The evaluation, consisting of 137 trenches, broadly corroborated the results of the geophysical survey; extensive archaeological remains dating from the earlier Bronze Age to the post-medieval periods were found and recorded. A watching brief of geotechnical testing pits uncovered minimal to no archaeological remains.
North of Netherhampton Road
A total of 24 trenches were investigated on the land to the north of the road, targeting previous geophysical anomalies. The evaluation revealed evidence of former barrow ditches dating to the Bronze Age and indications of Beaker period activity, possibly funerary, within the vicinity. The remains of ring-ditches, agricultural features and discrete features were all identified. Evidence for limited or peripheral later prehistoric occupation and use of land was also recorded with the primary focus being funerary related.
The presence of Beaker pottery within a linear feature is also of particular interest and represented the earliest positively attested artefactual evidence on the site, dating from the late Neolithic to early Bronze Age. The remaining pottery assemblage suggests late Bronze Age activity on the site.
Medieval agriculture, in the form of ridge and furrow, was present and likely to have substantially contributed to truncation of agricultural remains on the site, together with more recent agriculture.
South of Netherhampton Road
A further 113 trenches were investigated on the land to the south of the road, a representative sample of 2% of the site. The most extensive and significant archaeological remains were found here.
The early Bronze Age remains consist of an infant burial and a potential ring-ditch which may be the remains of a barrow. Osteological analysis of the bones indicates the infant was around nine months old when it died. The burial included a near-complete Beaker vessel allowing us to date the grave to the Beaker period (2500-1700 BC).
The Bronze Age period was chiefly represented by twelve ring-ditches, demarcating more potential barrows, though, with the exception of earlier Beaker remains, no associated burials were identified. A single human humerus and other disarticulated human remains recovered from plough-soil suggests that former burials associated with the ring-ditches may be ploughed-out or heavily truncated, but they may also lie outside the trenches.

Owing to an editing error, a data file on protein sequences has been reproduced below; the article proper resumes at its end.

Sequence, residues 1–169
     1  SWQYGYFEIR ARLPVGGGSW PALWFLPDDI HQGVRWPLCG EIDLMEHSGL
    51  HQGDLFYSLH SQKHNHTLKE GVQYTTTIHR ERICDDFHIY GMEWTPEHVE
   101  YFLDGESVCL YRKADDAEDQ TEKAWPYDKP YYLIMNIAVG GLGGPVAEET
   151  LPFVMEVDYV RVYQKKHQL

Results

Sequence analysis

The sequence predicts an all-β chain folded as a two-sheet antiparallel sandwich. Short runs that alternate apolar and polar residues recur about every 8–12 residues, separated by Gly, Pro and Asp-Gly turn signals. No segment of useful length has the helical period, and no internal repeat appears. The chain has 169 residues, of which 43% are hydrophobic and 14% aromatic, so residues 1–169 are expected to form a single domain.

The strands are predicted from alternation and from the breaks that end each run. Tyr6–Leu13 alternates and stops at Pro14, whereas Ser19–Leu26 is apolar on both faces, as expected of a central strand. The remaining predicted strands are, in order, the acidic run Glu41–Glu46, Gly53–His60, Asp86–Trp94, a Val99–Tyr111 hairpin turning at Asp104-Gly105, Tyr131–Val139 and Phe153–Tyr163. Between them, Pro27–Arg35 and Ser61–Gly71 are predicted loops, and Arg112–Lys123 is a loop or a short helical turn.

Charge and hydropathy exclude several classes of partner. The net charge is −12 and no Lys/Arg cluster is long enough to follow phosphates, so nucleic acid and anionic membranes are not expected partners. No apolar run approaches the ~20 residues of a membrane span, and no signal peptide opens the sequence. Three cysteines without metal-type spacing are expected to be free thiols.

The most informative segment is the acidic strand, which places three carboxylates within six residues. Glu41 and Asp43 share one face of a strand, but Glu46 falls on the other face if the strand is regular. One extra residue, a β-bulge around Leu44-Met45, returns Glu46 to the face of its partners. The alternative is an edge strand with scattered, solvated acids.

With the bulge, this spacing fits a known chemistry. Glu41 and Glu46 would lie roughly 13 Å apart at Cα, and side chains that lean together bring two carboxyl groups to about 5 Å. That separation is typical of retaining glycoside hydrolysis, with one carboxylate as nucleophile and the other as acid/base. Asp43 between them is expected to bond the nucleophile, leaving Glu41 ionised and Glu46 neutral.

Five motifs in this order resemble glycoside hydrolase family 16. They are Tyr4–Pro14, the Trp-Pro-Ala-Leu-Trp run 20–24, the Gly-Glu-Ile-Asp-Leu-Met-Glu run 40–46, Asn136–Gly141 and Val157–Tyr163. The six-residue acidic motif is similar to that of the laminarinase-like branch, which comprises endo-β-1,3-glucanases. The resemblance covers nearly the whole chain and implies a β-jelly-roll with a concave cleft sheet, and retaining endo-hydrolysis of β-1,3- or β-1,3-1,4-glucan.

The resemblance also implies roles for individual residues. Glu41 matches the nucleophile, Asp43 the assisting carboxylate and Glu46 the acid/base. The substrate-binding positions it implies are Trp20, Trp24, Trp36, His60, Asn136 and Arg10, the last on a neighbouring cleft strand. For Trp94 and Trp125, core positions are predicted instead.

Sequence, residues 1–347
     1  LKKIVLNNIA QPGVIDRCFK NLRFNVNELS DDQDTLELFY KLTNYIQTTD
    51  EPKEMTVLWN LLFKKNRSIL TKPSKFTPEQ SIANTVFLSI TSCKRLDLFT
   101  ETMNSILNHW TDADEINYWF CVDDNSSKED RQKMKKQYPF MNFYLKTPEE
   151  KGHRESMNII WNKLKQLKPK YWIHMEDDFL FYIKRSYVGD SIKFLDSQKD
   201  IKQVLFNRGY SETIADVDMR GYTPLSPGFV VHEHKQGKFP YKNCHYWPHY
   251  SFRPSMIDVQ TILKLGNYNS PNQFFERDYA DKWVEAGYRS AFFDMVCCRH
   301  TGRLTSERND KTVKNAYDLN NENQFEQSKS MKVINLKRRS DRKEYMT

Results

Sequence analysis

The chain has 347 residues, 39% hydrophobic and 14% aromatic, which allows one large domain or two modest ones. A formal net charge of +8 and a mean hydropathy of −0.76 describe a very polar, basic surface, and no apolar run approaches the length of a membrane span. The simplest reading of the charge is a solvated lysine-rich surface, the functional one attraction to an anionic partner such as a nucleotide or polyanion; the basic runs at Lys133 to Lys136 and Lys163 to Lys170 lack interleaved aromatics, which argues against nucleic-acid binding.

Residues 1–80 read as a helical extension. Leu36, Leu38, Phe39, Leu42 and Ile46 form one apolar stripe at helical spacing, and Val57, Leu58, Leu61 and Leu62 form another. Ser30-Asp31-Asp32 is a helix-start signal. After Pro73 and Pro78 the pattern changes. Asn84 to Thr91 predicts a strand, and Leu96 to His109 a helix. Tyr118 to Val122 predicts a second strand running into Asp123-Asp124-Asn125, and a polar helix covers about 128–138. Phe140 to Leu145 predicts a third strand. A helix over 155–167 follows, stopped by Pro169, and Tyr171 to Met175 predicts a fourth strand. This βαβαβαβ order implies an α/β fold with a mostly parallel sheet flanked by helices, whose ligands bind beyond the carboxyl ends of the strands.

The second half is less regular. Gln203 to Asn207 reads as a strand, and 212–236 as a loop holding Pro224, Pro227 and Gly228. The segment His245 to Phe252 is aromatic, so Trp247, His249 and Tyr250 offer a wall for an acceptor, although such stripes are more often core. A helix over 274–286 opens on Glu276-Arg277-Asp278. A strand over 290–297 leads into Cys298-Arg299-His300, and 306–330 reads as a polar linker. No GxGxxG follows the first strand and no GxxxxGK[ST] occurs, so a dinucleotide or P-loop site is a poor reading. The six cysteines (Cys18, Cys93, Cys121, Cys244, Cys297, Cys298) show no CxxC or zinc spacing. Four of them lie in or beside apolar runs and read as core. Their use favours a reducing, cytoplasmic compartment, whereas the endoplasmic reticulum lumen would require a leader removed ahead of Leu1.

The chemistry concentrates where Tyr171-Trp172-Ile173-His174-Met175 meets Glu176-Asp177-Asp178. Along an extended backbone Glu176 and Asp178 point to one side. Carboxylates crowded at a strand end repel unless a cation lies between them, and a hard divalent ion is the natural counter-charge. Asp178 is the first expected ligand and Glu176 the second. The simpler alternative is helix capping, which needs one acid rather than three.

The Iron Age was represented by a sub-circular enclosure, defined by a large ditch, the interior of which contained complex phases of intercutting pits and the partially exposed remains of a possible roundhouse. The features and associated artefacts appeared to indicate domestic occupation. Suggestions of potential former structural remains were identified; including daub containing wattle impressions, potentially from wattle and daub walls. One of the deposits also contained barley and wheat seeds. A large pit cut into chalk bedrock was found to contain two horse skulls that seem to have been deliberately placed with some care and attention; cut marks on the skulls suggesting the removal of hides, butchery or both. Somewhat surprising was the recovery of an infant skeleton during environmental sample processing of deposits from the enclosure ditch. Unfortunately, no evidence of a grave was identified during excavation. The presence of this skeleton raises questions regarding mortuary practices, rites of passage and the position within societal structure of a new-born or potentially still-born child. Infant burials within enclosure ditches are not unknown, with examples found at sites in the south-west of England. Further work on the enclosure and site may shed light on such a question.
The client is now progressing the site through the planning process, with the results of the archaeological work to date used to determine whether mitigation is required in advance, or during construction.